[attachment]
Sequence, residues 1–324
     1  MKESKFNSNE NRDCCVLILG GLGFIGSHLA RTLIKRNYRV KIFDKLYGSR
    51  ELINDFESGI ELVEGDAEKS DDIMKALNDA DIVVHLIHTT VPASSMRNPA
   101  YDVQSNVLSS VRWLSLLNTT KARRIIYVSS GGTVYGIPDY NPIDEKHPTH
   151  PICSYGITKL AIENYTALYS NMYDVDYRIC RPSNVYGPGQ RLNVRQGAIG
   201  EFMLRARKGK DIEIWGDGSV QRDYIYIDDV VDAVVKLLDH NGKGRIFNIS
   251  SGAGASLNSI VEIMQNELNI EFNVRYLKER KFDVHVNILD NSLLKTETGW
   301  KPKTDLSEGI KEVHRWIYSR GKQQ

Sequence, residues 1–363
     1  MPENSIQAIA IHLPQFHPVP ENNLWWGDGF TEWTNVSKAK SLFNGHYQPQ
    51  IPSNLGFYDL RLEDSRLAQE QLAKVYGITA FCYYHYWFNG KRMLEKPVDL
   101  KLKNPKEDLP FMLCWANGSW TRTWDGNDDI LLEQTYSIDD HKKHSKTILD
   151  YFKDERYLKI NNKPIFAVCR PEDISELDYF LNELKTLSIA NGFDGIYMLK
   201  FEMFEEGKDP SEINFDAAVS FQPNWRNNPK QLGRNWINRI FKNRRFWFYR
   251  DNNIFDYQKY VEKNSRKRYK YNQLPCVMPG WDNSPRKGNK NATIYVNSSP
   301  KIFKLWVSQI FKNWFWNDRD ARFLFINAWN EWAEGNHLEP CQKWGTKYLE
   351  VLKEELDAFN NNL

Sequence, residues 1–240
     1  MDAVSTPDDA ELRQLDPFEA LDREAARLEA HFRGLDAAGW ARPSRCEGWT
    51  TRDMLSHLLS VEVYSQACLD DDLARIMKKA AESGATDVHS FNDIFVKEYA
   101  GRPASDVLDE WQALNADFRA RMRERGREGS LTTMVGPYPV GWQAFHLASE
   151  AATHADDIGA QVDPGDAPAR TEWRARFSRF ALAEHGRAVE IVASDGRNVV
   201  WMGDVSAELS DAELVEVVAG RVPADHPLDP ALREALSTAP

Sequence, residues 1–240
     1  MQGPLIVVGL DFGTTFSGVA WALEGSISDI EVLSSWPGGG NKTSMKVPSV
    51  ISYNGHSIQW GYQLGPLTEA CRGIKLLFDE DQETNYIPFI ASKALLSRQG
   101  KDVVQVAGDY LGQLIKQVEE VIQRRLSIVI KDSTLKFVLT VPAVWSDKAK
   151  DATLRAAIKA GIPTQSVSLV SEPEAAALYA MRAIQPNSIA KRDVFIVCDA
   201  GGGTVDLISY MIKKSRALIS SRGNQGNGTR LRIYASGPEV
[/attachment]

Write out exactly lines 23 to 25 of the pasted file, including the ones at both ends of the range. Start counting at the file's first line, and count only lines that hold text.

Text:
   201  WMGDVSAELS DAELVEVVAG RVPADHPLDP ALREALSTAP

Sequence, residues 1–240
     1  MQGPLIVVGL DFGTTFSGVA WALEGSISDI EVLSSWPGGG NKTSMKVPSV